Transcript: Climate Quickie: How mini-grids are making energy accessible in Sub-Saharan Africa
TEDxLondon Climate Curious
Mini-grids, or localised renewable energy systems, are increasing energy accessibility for people across Africa, says Tombo Banda, a clean energy access innovator. And with 500 million people still lacking access to electricity in Sub-Saharan Africa, relying instead on highly polluting materials like diesel and firewood, this climate solution will create better lives for millions of people, quickly! Tombo Banda joins TEDxLondon’s Climate Curious to break down how many countries are successfully leapfrogging to green energy solutions.
In this week’s Climate Quickie live from TED’s Countdown Summit in Detroit, we’re joined by energy access innovator Tombo Banda to share her electrifying climate innovation. .
When electricity arrived in Zomba, Malawi in 1994, Tombo says it brought more health, more comfort and more happiness to her community.
So why are 500 million people still lacking access to the transformative power of electricity in Sub-Saharan Africa, relying on highly polluting materials like diesel and firewood?
Tombo introduces us to her company’s mini-grids: localised renewable energy systems.
Making electricity more accessible — and creating better lives for millions of people.
Over to Tombo to explain more.
Hello, everyone. My name is Tombo Banda. I lead the mini grid innovation lab at Cross Boundary. I’m based in Nairobi, in Kenya.
So what’s the energy situation in Malawi? So I am originally Malawian, though I live in Kenya, and the energy situation in Malawi is quite dire. The most recent data shows that less than 15% of Malawians have access to electricity.
So yeah, 85% of the population still resorting to firewood, generators, whatever, nothing, kerosene, small solar lamps, um, to get by on their everyday.
So, firstly the traditional process of electrification is expensive and you know, many governments across the continent are dealing with many competing priorities and they don’t necessarily have the money to electrify their entire country. Um, so, Cost is is one of the biggest challenges. Um, and one of the least cost methods of electrifying Many populations many communities is mini grids. So they are localized standalone energy systems to power individual communities and they’re clean green and renewable So I work on making these more profitable as a way of getting the private sector to invest and therefore accelerate access to electricity across the continent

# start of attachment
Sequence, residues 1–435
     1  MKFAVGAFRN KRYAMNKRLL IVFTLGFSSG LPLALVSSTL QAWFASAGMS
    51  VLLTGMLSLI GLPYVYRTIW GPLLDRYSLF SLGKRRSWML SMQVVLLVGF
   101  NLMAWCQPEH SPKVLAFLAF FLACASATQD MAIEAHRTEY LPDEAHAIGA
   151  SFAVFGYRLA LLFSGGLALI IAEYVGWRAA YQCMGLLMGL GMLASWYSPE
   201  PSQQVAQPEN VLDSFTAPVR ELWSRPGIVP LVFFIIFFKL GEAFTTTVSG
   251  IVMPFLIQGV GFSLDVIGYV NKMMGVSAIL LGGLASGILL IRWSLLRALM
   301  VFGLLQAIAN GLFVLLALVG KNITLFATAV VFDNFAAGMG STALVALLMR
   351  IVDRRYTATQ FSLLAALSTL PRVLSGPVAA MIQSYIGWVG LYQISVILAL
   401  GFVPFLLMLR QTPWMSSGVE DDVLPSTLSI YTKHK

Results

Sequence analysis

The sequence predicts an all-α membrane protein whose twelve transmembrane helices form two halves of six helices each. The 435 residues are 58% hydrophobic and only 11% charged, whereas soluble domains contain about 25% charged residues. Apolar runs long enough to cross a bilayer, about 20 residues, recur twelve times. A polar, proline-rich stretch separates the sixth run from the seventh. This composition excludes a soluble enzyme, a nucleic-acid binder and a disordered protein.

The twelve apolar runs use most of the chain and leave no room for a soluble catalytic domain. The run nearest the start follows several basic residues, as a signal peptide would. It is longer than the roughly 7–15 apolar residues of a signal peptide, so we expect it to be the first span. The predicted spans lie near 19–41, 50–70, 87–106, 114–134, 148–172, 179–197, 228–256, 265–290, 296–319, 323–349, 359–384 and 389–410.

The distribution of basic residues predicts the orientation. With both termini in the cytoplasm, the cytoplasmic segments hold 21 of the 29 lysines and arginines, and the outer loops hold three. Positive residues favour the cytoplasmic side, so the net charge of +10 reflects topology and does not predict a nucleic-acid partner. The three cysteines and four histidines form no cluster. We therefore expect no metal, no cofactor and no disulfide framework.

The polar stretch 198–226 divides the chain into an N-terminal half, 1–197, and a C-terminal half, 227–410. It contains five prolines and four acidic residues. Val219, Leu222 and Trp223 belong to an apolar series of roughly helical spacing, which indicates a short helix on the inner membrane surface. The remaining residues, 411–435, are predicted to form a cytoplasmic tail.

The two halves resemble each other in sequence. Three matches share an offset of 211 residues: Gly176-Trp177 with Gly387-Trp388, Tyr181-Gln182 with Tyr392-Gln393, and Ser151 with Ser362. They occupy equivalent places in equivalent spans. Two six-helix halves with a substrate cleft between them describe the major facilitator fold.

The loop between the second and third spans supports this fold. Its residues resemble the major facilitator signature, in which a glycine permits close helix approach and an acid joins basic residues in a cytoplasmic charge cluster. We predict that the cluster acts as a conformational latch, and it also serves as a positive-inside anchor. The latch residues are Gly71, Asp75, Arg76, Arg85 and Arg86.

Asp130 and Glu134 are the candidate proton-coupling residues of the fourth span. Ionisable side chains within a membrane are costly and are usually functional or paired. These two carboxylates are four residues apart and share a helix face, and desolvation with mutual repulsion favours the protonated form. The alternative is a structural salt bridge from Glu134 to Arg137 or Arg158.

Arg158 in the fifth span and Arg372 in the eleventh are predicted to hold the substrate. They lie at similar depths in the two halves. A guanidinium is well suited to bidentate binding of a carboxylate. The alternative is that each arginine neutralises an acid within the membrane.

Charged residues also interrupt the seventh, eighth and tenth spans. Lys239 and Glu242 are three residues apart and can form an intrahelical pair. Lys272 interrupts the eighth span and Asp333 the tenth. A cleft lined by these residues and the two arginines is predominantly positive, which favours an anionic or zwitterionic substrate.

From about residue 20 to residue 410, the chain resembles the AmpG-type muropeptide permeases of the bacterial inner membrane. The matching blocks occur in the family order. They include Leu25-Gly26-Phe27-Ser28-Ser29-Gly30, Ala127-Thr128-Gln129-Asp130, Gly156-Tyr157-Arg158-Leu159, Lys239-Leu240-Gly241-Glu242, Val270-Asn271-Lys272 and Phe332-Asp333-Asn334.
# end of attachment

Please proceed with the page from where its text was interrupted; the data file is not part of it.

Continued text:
Electricity is more than an enabler. It’s, it’s transformative. We all take it for granted because we have it all the time.
Actually South Africa maybe recently is, is having the unfortunate experience of experiencing load shedding, which it never did. And actually in the UK, they also have load shedding now. Uh, you know the feeling when you don’t have electricity how debilitating and, uh, maybe even anxious it makes you.
Um, electricity is fundamental to your daily life, fundamental to business, fundamental to health, fundamental to education, you know, it’s a basic human right, I think. Um, and when you introduce electricity into a community, it transforms the community, as you would expect. You know, businesses, stay open for longer.
Businesses that use, um, diesel machinery switch to electric generate savings, um, and you know, experience health benefits. Um, so yeah, electricity, it’s just transformative
I think what gives me hope is, uh, People are starting to get it.
We still need to go faster. Um, but because, uh, you know, the scale of the challenge also presents an opportunity to manufacturers of batteries of solar panels of equipment of electric powered equipment and machinery. Recognizing that opportunity, I think, is spurring people into action.
So we’re seeing an acceleration in the rate of deployment in mini grids across the continent and other solutions that are more, um, appropriate for specific communities. Um, so I think what gives me hope is, that promise of the opportunity that this could bring to everyone.
Where can people find out more about our work? So our website is the best place to start. So crossboundary. com. And if you go to labs, you’ll find the innovation lab there. And we have a bunch of our research up on the website that people can digest.
My climate confession is that, um, my dirty secret is I love fashion. So I love shopping. And I have a lot of clothes that I don’t need. And I know it’s bad for the environment, but I keep doing it.